bro-intel: both_ipaddr;

Another example might be examining proxy logs for possible indicators. In this case, you might want to check multiple indicator types.  For example:

bro-intel: domain, url,  dst_ipaddr;

This would cause Sagan to lookup Intel::DOMAIN, Intel::URL and Intel::ADDR (on the destination address) when a Sagan rule is triggered. 

Want to check all logs for possible indicators? All you need to do is create a Sagan rule that lacks pcre or content. When Sagan lacks “content” or “pcre”, it will “match” on all log lines. We can then use the “all_ipaddr” with our “bro-intel” rule option. For example:

alert udp any any -> any any (msg: “[Sagan/Bro Test Rule] IP Address found in Intel ADDR!”; bro-intel: all_ipaddr;  parse_src_ip: 1;  parse_dst_ip: 2;  parse_proto; classtype: suspicious-traffic; sid 9000001; rev: 1;) ;

Any time Sagan encounters a non-RFC1918 IP address, it will check against your “Bro Intelligence” feeds. The “parse_src_ip” and “parse_dst_ip” simply tell Sagan what to define as the source and destination; you could easily use liblognorm to do that job more efficiently.  If the log message contains 2 or 20 IP addresses, Sagan will query the Bro Intellegence “Intel::ADDR” data for all of them. The “parse_proto” option tells Sagan to determine the protocol used (UDP, ICMP, TCP, etc) if possible.  

Of course, doing this will use a good bit of CPU!   It's a good thing Sagan is multi-threaded!

Both of these examples are very simple. When “Bro Intelligence” feeds are tied with other rule options like flowbit, GeoIP, after/thresholding, time based alerting, Snortsam (automatic firewalling),  meta_content, etc., you expand your options on detecting threats via log analysis.   A more “serious rule” might look something like this:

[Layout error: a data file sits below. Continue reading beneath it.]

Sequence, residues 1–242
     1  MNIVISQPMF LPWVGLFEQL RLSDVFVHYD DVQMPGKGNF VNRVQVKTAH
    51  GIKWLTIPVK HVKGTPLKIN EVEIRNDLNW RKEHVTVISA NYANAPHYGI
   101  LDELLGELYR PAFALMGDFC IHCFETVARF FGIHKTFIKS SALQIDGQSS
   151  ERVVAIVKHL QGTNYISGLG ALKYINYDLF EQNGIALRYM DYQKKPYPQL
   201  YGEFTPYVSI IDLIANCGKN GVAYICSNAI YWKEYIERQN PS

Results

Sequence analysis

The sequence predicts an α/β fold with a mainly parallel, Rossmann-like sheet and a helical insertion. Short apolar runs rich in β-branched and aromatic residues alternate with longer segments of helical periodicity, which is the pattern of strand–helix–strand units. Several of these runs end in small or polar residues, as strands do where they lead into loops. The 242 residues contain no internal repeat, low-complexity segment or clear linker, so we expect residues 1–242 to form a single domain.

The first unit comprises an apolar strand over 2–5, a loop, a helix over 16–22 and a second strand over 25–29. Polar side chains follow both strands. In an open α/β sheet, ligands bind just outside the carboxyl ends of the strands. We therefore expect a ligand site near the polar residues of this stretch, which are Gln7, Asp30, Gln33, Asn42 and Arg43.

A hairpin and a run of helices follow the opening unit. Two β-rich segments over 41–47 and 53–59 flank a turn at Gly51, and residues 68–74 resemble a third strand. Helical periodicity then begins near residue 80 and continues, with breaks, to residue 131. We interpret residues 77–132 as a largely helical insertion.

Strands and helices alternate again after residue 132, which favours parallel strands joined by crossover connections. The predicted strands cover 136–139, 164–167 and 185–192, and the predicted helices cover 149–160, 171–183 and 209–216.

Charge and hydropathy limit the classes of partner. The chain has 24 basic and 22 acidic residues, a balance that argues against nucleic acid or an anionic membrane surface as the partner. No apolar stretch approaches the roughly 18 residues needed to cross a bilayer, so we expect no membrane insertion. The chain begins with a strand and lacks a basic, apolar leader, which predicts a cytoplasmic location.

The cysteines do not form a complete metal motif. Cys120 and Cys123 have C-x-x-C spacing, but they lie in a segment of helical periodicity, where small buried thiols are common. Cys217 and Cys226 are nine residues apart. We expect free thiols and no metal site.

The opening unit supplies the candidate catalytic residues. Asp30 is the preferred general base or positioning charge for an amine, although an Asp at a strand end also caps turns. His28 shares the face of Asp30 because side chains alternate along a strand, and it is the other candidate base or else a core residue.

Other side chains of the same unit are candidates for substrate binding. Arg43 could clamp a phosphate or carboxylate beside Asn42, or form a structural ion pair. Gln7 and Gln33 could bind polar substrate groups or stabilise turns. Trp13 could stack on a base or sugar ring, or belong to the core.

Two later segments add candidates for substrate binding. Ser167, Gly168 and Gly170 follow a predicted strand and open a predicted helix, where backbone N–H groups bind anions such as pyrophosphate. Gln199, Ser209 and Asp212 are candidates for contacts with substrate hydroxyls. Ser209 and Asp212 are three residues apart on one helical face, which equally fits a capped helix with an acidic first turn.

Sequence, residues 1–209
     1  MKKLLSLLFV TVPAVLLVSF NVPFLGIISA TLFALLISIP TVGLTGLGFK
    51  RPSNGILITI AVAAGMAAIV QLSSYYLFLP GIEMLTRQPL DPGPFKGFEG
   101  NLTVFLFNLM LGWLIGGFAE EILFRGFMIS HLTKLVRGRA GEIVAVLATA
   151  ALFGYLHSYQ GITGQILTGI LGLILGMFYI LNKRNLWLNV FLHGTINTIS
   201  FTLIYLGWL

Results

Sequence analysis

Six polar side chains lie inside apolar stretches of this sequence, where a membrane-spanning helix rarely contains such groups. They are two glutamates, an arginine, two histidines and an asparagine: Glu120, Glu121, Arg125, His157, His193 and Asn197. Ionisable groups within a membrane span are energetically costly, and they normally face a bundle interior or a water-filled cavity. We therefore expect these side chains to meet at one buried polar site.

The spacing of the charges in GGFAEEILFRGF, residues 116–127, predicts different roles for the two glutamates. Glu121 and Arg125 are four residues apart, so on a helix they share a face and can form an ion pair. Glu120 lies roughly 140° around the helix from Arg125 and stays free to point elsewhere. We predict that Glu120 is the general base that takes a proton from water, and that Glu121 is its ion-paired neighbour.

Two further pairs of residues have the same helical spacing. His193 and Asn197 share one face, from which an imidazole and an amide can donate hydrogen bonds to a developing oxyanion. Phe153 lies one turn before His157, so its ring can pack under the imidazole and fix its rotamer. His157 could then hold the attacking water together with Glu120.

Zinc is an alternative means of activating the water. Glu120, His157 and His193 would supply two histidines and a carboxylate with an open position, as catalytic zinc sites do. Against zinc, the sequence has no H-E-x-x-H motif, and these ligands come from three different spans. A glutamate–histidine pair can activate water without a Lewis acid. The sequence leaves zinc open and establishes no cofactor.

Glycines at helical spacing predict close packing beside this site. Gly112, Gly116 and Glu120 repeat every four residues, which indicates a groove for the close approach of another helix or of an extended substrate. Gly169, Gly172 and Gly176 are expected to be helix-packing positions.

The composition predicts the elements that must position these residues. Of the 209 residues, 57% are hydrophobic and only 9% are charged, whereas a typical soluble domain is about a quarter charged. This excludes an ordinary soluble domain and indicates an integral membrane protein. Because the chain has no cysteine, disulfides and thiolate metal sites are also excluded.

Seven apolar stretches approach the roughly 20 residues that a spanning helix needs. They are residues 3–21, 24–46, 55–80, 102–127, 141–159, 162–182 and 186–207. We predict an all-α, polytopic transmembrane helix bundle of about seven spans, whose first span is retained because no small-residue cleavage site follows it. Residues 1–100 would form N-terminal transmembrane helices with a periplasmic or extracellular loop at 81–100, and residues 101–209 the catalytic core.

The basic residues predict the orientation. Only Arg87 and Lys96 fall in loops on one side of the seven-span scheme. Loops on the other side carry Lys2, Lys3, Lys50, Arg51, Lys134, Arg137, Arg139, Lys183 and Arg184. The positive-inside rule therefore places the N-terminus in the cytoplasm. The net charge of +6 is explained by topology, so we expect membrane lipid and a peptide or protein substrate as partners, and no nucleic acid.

alert tcp $EXTERNAL_NET any -> $HOME_NET any (msg: "[CISCO-BRO] Suspicious connection found in Intel ADDR"; program: %ASA-6-302014;  classtype: suspicious-traffic; normalize: cisco; threshold: type limit, track by_src, count 5, seconds 300; flowbits: set, bro_suspicious_connection, 300; bro-intel: both_ipaddr; fwsam: src, 1 day;  reference: url, wiki.quadrantsec.com/bin/view/Main/9999995; sid: 9999995; rev: 1;)

This example will alert if Sagan receives a log from a Cisco ASA of ASA-6-302014 (TCP session "teardown") and the source or destination is to a place listed in the Bro Intel::ADDR (IP address) database.   If the event happens more than 5 times within a 5 minute period,  we'll threshold the alert.  This rule will let log normalization (via liblognorm) handle the extraction of source/destination IP addresses,  protocols,  source/destination ports, etc. If this event triggers,   Sagan can,  if configured,  automatically block the traffic via Snortsam.  Sagan will also set a flowbit named “bro_suspicious_connections” which can be used by other rules to “tie” events together.  

For more information about The Bro Intellegence Framework,  Critical Stack and Sagan rule option,  go to:

Sagan "bro-intel" option:


To see all Sagan rule options, go to:


Bro Intelligence Framework: 


For more information and news about Critical Stack:



We also have pre-built bro-ids.rules available in Sagan.

“Bro Intelligence” support in Sagan is very new and currently (02/20/2015) only available in the source code hosted on our Github Sagan Repo. Over the next few weeks, we will be adding “Bro Intelligence” options into the Sagan rule sets.  

Keep an eye out for them!

Posted in Sagan Blog Post